The vinyl LP, which contains extensive liner notes and a 60 x 60 cm cover-art poster, can be ordered through Vintagevoudou.com and is available in select vinyl shops around the world. The album can also be downloaded from iTunes and Amazon.

popular

Janet Jackson Returns With Afrobeats-Inspired Song & Video 'Made For Now' Featuring Daddy Yankee

The icon's latest is a nod to the sound, fashion and culture of the diaspora.

Ms. Jackson is back.

The iconic artist returns with her first single since the release of her 2015 album Unbreakable, and it's a timely nod to the "made for now" influence of afrobeats fashion, sound and culture.

On "Made For Now," which features Puerto Rican reggaeton titan Daddy Yankee, Janet Jackson does what she's done successfully so many times throughout her decades-long career: provide an infectious, party-worthy tune that's fun and undeniably easy to dance to. "If you're living for the moment, don't stop," Jackson sings atop production which fuses dancehall, reggaeton and afrobeats.

The New York-shot music video is just as lively, filled with eye-catching diasporic influences, from the wax-print ensembles and beads both Janet and her dancers wear to the choreographed afrobeats-tinged dance numbers, even hitting the Shoki at one point in the video. The train of dancers travel throughout the streets of Brooklyn, taking over apartment buildings and rooftops with spirited moves.

It's obvious that Jackson has been studying and drawing inspiration from the culture for some time now. She even hit the Akwaaba dance, popularized by Mr Eazi, during her Icon Award performance at this year's Billboard Music Awards.

The bouncing video, directed by Dave Meyers, features contributions from a number of creatives from Africa and the diaspora who were involved in the creation of the video, including designer Claude Lavie Kameni and choreographer Omari Mizrahi. Ghanaian health guru, Coach Cass pointed out some of the many dancers involved in the production on Instagram, who hail from Ghana, Nigeria, Trinidad, Grenada and the US.

Ahead of the video's release, it garnered attention on social media when Jackson was spotted filming in Williamsburg, Brooklyn, wearing what many thought was a questionable fashion ensemble. The outfit in question only makes a small appearance in the video, and we're glad to see that Janet's other looks appear, at least slightly, more coordinated.

Watch the music video for "Made for Now" below. The singer is set to perform the song with Daddy Yankee live for the first time tonight on The Tonight Show Starring Jimmy Fallon, so be ready!

Audio

You Need to Hear Juls' New Single 'Saa Ara'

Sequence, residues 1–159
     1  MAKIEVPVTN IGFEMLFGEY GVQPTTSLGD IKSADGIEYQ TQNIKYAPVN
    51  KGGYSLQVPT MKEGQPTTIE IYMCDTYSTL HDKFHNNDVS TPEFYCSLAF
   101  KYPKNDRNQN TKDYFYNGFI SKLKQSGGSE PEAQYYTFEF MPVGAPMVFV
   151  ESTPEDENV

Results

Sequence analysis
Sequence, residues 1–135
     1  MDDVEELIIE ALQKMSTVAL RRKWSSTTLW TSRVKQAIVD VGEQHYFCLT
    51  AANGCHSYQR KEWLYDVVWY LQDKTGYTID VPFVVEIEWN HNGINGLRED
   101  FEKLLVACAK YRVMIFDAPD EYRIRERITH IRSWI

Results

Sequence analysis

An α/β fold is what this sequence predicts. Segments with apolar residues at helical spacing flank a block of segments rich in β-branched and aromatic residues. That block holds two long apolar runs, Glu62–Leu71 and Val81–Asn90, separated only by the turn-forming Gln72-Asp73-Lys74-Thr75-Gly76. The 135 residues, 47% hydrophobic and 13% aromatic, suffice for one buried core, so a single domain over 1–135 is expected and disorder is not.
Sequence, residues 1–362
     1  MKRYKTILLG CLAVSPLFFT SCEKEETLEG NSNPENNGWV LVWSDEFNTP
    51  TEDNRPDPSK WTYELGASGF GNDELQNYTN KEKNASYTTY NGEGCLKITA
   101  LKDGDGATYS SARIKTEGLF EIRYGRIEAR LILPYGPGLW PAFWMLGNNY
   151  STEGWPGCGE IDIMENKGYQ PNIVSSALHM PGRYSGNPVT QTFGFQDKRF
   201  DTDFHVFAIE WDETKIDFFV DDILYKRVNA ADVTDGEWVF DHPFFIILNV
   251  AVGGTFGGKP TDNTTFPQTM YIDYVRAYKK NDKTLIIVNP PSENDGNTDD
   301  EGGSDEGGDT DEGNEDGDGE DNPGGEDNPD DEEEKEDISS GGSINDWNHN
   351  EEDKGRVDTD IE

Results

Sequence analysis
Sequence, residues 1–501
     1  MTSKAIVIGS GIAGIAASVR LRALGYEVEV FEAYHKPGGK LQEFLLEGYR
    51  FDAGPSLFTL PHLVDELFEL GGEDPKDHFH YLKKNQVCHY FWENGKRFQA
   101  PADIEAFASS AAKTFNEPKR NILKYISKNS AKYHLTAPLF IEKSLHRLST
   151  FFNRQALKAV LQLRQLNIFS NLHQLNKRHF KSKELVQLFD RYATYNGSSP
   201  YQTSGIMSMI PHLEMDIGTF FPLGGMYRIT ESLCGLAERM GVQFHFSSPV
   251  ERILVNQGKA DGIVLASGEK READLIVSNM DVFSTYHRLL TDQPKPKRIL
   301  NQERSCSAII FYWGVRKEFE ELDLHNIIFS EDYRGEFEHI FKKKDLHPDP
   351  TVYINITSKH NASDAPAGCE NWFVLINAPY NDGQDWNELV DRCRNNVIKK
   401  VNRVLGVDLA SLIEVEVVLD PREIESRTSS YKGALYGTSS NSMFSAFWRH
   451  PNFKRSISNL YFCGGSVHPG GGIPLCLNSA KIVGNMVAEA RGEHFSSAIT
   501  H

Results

New hip-hop and highlife grooves from the celebrated UK-based Ghanaian producer.

By merging the diverse influence of growing up in Accra and East London, Juls has managed to cultivate a hybrid afrobeats style that has set him apart from the rest.

For his latest single, "Saa Ara," he teams up with award-winning rapper Kwesi Arthur and gifted lyricist Akan.

The brilliant fusion of vintage highlife instrumentals and booming hip-hop beats, along with Kwesi Arthur's lively chorus and Akan's fiery delivery gives the song a very spiritual and classical feel.

Soothe your soul this weekend with these tasteful sounds from Juls.

Listen to "Saa Ara" by Juls featuring Kwesi Arthur and Akan below.

Keep reading... Show less
News Brief

FIFA Refuses To Meet with Nigeria's Sports Minister as Ghana Takes Steps to Avoid Ban

This could jeopardize Nigeria's qualifier against Seychelles in September, while the Ghanaian government has pledged not to dissolve its football association.

In lieu of the ultimatums Nigeria and Ghana's football associations faced from FIFA, one country is on its way to dodge the threat of being banned, while the other is not going down without a fight.

FIFA has refused a proposed meeting with Nigeria's sports minister, Solomon Dalung, to discuss problems in the country's football federation, BBC Sport reports. They say their leadership and the FIFA president is unwilling to meet during the proposed time period.

FIFA is giving the NFF until August 20 for Chris Giwa, who was acknowledged by the courts as the president of the federation, to leave the NFF offices.

Giwa's lawyer Ardzard Habilla asserts that FIFA can't ban Nigeria as the federation's issues need to be sorted out internally by the country's judiciary.

Habilla questions, "Do we take it that FIFA laws are superior to the judgment of the highest court in our land—the Supreme Court, and has FIFA elevated itself before the constitution of Nigeria?"

Keep reading... Show less

get okayafrica in your inbox

news.

popular.